February 21, 2020 at 11:20 am EST | by Jacqueline W. Schick
Cesar Augusto Caceres, respected D.C. doctor, dies
Cesar Augusto Cacares, gay news, Washington Blade
Cesar Augusto Caceres (Photo courtesy of Jacqueline W. Schick)

Cesar Augusto Caceres, MD, peacefully passed away Feb. 9, 2020, at his home in Washington, D.C.

Born April 9, 1927, in Puerto Cortés, Honduras, Dr. Caceres was the only child of Julian R. Caceres, former Ambassador to the United States from Honduras, and Mrs. Mariana C. Caceres. His partner of 48 years, W. Raymond Mize, Jr., MD, pre-deceased Dr. Caceres in September 2004, as did his companion Stanley J. Kuliczkowski in July 2015. Dr. Caceres is survived by his cousins Mrs. Gloria Caceres, Dr. J. Desiree Pineda, Mrs. Carmen Alfaro Morawski and Mrs. Ana Maria Alfaro.

In 1953, Dr. Caceres obtained his medical degrees from Georgetown University. He obtained additional training in internal medicine at Tufts and Boston Universities in Boston, Massachusetts. He received cardiology and research training from George Washington University.

Dr. Caceres worked for the Public Health Service where he won two Superior Service Awards for developing the country’s first functional computer-electrocardiographic interpretive system. Later he joined George Washington University where he was professor of clinical engineering. Dr. Caceres has edited and co-authored nine textbooks dealing with various aspects of technology, medicine, and health care.  

In 1970, Dr. Caceres opened his private practice in Dupont Circle integrating computer technology into the day-to-day real world of medical practice. Beginning in the 1980s Dr. Caceres developed for use in his practice The System Integrated Record, S.I.R. By the early 1980s, like other physicians in D.C., Dr. Caceres began seeing patients with HIV and was committed to the care of patients with the goal of improving health and quality of life until his retirement in 2014. In October 1985, in an op-ed article on HIV in the Wall Street Journal and a letter to the editor in the Journal of the American Medical, Dr. Caceres pointed out that the methodology used by the Centers for Disease Control and Prevention to report the causes of HIV transmission understated the national figures of those who had become infected as a result of recreational drug use. As a result of these publications, the CDC changed its methodology for HIV reporting. In his practice, Dr. Caceres authored many unique patient education pieces on HIV, opportunistic infections, and safer sex to better educate his patients.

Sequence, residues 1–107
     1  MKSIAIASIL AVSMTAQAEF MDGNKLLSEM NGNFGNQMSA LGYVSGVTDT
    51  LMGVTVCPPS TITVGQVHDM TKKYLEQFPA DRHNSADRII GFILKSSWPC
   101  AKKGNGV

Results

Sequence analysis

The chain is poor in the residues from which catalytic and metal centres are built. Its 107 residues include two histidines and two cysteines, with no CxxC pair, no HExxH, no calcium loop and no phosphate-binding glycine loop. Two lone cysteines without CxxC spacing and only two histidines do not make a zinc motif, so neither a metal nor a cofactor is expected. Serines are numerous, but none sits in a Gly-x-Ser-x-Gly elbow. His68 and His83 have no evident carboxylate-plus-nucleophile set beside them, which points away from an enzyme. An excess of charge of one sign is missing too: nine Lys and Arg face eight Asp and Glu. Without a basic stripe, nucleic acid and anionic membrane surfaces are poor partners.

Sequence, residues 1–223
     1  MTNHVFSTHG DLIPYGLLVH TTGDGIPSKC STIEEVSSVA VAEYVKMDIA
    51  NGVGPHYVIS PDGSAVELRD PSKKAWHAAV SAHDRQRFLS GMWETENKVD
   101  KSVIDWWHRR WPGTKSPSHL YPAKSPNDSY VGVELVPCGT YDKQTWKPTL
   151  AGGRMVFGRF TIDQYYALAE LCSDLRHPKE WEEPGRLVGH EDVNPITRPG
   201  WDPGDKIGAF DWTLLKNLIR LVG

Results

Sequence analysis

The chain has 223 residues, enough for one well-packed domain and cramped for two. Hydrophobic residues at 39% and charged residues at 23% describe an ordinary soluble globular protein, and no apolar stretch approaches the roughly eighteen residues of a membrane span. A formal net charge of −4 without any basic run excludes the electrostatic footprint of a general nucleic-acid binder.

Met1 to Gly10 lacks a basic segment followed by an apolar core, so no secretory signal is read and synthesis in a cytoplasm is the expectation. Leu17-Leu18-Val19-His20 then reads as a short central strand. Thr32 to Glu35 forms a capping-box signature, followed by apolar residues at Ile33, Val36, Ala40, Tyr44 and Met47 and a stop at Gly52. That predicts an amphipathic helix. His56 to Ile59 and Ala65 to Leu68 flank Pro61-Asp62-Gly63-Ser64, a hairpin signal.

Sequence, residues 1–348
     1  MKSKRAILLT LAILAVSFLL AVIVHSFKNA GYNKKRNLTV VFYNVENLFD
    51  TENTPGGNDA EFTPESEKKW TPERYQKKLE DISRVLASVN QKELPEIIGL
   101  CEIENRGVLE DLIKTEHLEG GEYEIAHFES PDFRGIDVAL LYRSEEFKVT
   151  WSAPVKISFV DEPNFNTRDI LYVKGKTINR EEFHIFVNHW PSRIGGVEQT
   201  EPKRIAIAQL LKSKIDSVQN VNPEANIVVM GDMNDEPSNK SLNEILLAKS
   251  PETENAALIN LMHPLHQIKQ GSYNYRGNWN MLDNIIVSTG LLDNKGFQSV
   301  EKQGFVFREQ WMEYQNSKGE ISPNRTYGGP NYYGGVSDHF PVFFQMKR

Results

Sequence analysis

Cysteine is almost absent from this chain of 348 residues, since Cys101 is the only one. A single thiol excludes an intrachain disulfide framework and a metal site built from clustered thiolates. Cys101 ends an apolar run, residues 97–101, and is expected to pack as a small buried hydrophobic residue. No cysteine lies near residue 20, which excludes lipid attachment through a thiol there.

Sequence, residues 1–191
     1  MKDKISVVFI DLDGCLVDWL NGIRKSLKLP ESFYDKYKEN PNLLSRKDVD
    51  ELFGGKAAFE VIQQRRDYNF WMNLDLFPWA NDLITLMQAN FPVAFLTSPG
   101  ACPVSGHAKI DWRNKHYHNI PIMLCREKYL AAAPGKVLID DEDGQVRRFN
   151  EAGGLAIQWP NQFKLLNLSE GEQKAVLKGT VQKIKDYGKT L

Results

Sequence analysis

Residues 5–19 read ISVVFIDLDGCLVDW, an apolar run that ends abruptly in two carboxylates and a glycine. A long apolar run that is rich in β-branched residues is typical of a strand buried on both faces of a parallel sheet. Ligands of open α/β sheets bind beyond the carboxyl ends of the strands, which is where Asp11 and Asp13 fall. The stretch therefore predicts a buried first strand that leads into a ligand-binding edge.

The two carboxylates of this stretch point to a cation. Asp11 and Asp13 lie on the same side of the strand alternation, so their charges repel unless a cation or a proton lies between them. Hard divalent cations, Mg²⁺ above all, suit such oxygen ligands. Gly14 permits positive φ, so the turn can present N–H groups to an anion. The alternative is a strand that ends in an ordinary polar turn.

Dr. Caceres founded the Institute for Technology in Health Care, a non-profit which seeks to support projects designed to identify, investigate, and apply new and existing technologies to the solution of health care problems. Services will be held at St. Matthew’s Cathedral, 1725 Rhode Island Ave., N.W., Washington, D.C., on Saturday, Feb. 29, 2020, at 10:30 a.m. Memorial contributions may be made to the Institute for Technology in Health Care, 1759 Q St., N.W., Washington, D.C., 20009.

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